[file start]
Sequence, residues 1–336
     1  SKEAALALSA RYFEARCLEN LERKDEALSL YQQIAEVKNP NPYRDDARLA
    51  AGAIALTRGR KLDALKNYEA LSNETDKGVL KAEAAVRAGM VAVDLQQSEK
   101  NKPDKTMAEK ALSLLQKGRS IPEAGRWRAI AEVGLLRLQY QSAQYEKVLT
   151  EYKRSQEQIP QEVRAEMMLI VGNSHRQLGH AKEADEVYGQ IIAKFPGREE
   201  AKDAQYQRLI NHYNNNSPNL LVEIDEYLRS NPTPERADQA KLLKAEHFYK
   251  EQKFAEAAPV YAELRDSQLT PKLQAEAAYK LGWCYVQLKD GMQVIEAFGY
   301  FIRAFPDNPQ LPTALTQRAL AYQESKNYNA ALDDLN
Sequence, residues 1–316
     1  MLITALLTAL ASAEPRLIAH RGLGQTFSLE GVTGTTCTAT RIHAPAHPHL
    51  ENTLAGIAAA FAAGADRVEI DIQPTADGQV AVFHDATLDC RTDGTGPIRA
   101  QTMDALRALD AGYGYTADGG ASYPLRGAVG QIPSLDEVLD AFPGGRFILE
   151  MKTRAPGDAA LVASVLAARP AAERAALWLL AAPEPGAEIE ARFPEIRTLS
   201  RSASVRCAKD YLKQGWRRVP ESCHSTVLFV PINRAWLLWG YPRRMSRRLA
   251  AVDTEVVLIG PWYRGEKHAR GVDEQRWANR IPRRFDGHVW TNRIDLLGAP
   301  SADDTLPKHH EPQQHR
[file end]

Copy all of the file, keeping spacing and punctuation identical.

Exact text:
Sequence, residues 1–336
     1  SKEAALALSA RYFEARCLEN LERKDEALSL YQQIAEVKNP NPYRDDARLA
    51  AGAIALTRGR KLDALKNYEA LSNETDKGVL KAEAAVRAGM VAVDLQQSEK
   101  NKPDKTMAEK ALSLLQKGRS IPEAGRWRAI AEVGLLRLQY QSAQYEKVLT
   151  EYKRSQEQIP QEVRAEMMLI VGNSHRQLGH AKEADEVYGQ IIAKFPGREE
   201  AKDAQYQRLI NHYNNNSPNL LVEIDEYLRS NPTPERADQA KLLKAEHFYK
   251  EQKFAEAAPV YAELRDSQLT PKLQAEAAYK LGWCYVQLKD GMQVIEAFGY
   301  FIRAFPDNPQ LPTALTQRAL AYQESKNYNA ALDDLN
Sequence, residues 1–316
     1  MLITALLTAL ASAEPRLIAH RGLGQTFSLE GVTGTTCTAT RIHAPAHPHL
    51  ENTLAGIAAA FAAGADRVEI DIQPTADGQV AVFHDATLDC RTDGTGPIRA
   101  QTMDALRALD AGYGYTADGG ASYPLRGAVG QIPSLDEVLD AFPGGRFILE
   151  MKTRAPGDAA LVASVLAARP AAERAALWLL AAPEPGAEIE ARFPEIRTLS
   201  RSASVRCAKD YLKQGWRRVP ESCHSTVLFV PINRAWLLWG YPRRMSRRLA
   251  AVDTEVVLIG PWYRGEKHAR GVDEQRWANR IPRRFDGHVW TNRIDLLGAP
   301  SADDTLPKHH EPQQHR